gabar goshawk

Death at the water

Perhaps the most salient feature of the Kgalagadi are the humongous number of birds visiting the different water points throughout the area. At the various camps in the Mabuasehube area the situation repeated itself. Flocks of birds would come to drink constantly to the various water points.

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The scramble for water! Picture by Frank Rijnders.

The bird parade included from the largest of the vultures, the Lappet-faced (Nubian) to the small violet-eared waxbills, true living jewels .

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Lappet-faced vultures at a water hole.

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Violet-eared waxbills. Picture by Frank Rijnders.

Apart from photography, this situation offered a great opportunity for the various predators to get an easy meal. We saw several potential bird predators at the water holes, from snakes to jackals but the most interesting were the birds of prey.

These came in all sizes: various eagles (Tawny, Bateleur), Pale chanting and Gabar Goshawks, Red-necked Falcons and Greater Kestrels to name what we saw during this trip.

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A magnificent Bateleur eagle and picture by Frank Rijnders.

The methodology of the feathered hunters was similar at the various places. The raptors would perch nearby and every so often swoop down on their potential prey. It seemed a rather easy procedure in view of the numbers. That was also the impression I had when last year I watched the Tawny eagles dove-catching that I described in https://bushsnobinafrica.wordpress.com/2016/11/30/easy-pickings/. My belief was further strengthened by a lightening speed attack by a Red-necked falcon that caught one of the sparrow weavers from under our noses and took us completely by surprise!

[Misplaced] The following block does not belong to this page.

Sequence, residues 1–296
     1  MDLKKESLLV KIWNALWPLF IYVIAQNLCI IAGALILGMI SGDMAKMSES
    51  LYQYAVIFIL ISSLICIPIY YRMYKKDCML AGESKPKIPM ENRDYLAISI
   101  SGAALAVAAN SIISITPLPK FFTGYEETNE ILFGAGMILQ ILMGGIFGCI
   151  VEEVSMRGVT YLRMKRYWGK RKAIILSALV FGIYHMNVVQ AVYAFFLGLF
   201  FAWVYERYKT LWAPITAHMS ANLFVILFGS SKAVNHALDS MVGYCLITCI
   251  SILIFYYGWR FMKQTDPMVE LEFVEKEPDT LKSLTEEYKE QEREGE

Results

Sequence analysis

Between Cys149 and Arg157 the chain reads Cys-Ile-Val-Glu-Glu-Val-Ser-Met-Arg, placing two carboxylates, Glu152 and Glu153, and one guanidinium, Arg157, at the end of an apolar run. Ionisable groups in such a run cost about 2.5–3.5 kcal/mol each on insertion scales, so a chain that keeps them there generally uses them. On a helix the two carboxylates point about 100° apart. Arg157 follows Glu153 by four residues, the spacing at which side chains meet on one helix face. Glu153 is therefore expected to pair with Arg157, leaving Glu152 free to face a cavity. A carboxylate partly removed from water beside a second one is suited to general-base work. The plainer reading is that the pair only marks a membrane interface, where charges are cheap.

At Monamodi we had time[1] to observe a Gabar Goshawk (slightly larger than a dove) attempting to catch its lunch. We noted the raptor after observing that every few minutes the drinking doves would get startled and the flock would literally “explode” in different directions only to return a couple of minutes later.

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The scared doves take off.

After a few of these scares, we noted that a Gabar goshawk was perched next to the water and that the scares coincided with its lunges at the drinking birds!

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We were somehow doubtful that the goshawk would be after the doves as they seemed too large for it However, it seemed that way until we realized that there were a few smaller birds drinking together with the doves. We observed several failed attacks and I even managed to register the “goshawk among the pigeons”! However, a painstakingly checking all pictures and video, I failed to register the bird actually catching anything. The pictures below show the goshawk during one of its swoops that, after going through the mass of flying birds, end up by it landing back at the starting point.